Following the hearing, the lawyer member of the MHRT prepares a document that records the MHRT's findings and reasons for the decision. A copy is supplied to the applicant and responsible clinician. It is typically between 5-10 pages and issued 3-4 weeks after the hearing.
For patients who are subject to compulsory treatment orders, the Tribunal is required to certify whether or not they are fit to be released from compulsory status. This in turn requires the MHRT to decide whether or not the patient's condition meets the definition in section 2 of the Mental Health (Compulsory Assessment and Treatment) Act 1992. The Act's definition is as follows:
The Act defines this as follows:
mental disorder, in relation to any person, means an abnormal state of mind (whether of a continuous or an intermittent nature), characterised by delusions, or by disorders of mood or perception or volition or cognition, of such a degree that it—
(a) poses a serious danger to the health or safety of that person or of others; or
(b) seriously diminishes the capacity of that person to take care of himself or herself;—
and mentally disordered, in relation to any such person, has a corresponding meaning.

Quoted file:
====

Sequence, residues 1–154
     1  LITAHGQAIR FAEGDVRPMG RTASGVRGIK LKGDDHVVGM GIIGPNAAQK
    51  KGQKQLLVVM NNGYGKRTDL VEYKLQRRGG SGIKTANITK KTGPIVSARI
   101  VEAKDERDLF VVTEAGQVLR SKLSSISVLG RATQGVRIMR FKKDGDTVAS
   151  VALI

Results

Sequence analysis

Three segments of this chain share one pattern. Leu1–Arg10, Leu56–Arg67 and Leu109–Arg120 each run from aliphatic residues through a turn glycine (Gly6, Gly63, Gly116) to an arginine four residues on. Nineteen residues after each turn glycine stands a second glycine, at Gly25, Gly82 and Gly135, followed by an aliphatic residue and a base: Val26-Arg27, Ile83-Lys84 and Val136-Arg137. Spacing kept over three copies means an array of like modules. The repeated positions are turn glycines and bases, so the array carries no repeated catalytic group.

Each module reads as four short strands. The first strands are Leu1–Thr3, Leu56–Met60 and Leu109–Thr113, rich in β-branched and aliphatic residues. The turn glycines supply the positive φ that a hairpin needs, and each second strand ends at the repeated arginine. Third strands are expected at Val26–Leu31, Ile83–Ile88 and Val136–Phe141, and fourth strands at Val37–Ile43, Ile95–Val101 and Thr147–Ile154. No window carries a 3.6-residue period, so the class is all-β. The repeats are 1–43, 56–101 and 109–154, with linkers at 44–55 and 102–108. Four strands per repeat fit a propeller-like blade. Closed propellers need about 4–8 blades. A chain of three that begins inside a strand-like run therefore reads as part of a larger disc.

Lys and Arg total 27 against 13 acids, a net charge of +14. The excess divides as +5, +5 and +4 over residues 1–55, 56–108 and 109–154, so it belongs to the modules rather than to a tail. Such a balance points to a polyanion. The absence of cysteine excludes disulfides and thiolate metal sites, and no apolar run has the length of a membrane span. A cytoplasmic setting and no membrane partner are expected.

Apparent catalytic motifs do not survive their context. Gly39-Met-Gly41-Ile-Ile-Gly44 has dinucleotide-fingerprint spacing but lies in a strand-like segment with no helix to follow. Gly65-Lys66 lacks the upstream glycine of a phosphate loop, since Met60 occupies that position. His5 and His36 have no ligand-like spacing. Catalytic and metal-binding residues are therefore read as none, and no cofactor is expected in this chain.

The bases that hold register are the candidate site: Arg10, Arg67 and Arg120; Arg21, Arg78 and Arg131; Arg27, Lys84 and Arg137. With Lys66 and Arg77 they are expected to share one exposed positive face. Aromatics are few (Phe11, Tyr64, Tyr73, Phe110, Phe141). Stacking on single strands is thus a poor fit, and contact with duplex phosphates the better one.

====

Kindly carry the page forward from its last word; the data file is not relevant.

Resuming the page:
If a patient's condition meets this definition, then as a matter of law they are not fit to be released from compulsory status.
Equally, if the patient’s condition no longer meets the definition, they are fit to be released from compulsory status.
For special patients who have been found unfit to stand trial for an offence, the Review Tribunal is required to certify whether they remain unfit to stand trial, and if so, whether they should continue to be subject to detention as special patients.
For special patients who have been found not guilty of an offence on account of insanity, the MHRT is required to certify whether they should be subject to the orders for detention as special patients.
For restricted patients, the Tribunal is required to certify whether or not they are fit to be released from compulsory status, and if not, whether they should remain restricted patients.
The MHRT does not have the power to make orders beyond those outlined in the previous section.
Amongst other things, they are unable to decide whether treatment should be undertaken in hospital or in the community, or what treatment should be provided.
If the Review Tribunal decides that a patient is not fit to be released from compulsory status, patients have the right of appeal to the District Court. This right is described in Section 83 of the Act.
The right must be exercised within one month of the Tribunal's decision.
This right of appeal does not apply to special patient cases, nor does it apply when the MHRT considers that a patient is fit to be released from compulsory status.